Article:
sweltering hour beads of sweat lick my sunburnt nape paddle and soap dish in hand off some nameless bank I slip into the Colorado the Grand the Rio del Tizon the Maricopa the cool lifeforce of this southwest desert as easily as I do into freshly washed sheets naked embraced sweet surrender (I’m still working on surrender) the Colorado, he/they and I have rinsed ourselves our bedrocks of many a lover many a male admirer like John Wesley Powell like the first time I skinny-dipped kissed the first boy I thought I loved I don’t find it outlandish to suggest the Rio del Tizon branded flaming by colonizers is a he/they gay reject the stubborn American West its invasive cis-het white male explorers naming monoliths [ego] bodies of water [conquests] assaulting the feminine [recreation] if the Maricopa is to be called she let it be by reflection by her own accord as he/they is with me on this board cutting through this spectrum an exercise and practice of self-love at once we try and keep things caszh this river and I too thin to plow too thick to drink * if you know what I mean we both know this flight of fancy is seasonal an afternoon delight a summer fling sure to wash out around this bend I look for coupling trout whose rippled darts fleeing my invasion of their coitus promise the end of my own courtship I have always struggled with commitment even when I cannot tell us apart submerged in him/them completely there is peace I won’t grant myself as surely as my head will break the surface I will eddy out return home to routine to khakis and button-ups to commutes and spreadsheets and plastic promotions he/they/I/we will be just another commodity to bottle given back empty at a cost as potential for tourist development as a force that’s agreeable when diverted and funneled, reshaped into productive efficient pools of labor into anything that’s not wild and free and roaring to California to an ocean of love that doesn’t know the meaning of binaries and borders the nature of our familiarity our temporal sojourn privy only to that voyeuristic heron our downy stilt- legged fortune is not about the permanence of our gender but the uncertainty of our futures * commonly attributed to Mark Twain (to “the Mormons” by Edward Abbey) but unconfirmed by this author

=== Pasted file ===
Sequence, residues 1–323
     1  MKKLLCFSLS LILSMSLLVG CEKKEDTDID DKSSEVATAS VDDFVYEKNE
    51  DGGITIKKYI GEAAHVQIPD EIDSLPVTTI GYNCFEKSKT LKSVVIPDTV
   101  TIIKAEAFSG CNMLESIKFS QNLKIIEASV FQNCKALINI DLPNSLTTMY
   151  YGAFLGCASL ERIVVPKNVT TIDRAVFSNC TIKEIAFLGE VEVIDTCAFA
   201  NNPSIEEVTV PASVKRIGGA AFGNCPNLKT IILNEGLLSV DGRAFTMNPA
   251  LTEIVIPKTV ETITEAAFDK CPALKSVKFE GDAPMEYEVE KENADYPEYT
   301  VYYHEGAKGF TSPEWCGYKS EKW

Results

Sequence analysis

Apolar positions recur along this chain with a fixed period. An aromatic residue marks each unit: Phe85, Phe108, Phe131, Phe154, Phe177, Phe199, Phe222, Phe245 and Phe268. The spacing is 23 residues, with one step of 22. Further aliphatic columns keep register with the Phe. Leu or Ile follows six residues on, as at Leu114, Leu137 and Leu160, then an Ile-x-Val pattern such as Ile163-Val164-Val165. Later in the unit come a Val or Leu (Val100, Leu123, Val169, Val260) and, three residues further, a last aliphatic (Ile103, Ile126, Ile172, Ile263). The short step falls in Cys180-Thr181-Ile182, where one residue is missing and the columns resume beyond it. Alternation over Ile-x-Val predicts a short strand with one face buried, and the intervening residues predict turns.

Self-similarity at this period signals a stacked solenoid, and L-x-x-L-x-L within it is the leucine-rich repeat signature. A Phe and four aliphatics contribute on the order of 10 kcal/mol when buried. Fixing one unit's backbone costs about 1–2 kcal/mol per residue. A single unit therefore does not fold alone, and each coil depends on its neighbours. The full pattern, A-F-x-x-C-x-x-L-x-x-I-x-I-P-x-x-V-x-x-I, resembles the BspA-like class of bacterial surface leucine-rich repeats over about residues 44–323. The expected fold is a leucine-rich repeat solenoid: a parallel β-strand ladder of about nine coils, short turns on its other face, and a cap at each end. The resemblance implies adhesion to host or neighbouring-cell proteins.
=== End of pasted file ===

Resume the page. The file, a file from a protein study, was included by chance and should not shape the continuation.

Caleb Ferganchick is a rural queer, slam poet activist, and author of Poetry Heels (2018). His work has been featured and published by the South Broadway Ghost Society (2020), Slam Ur Ex ((the podcast)) (2020), and the Colorado Mesa University Literary Review. He organizes the annual Slamming Bricks poetry slam competition in honor of the 1969 Stonewall Riots and coaches high school speech and debate. An aspiring professional SUP surfer, he also dreams of establishing a queer commune with a river otter rescue and falconry. He lives in Grand Junction, Colorado.
Website | Instagram | Twitter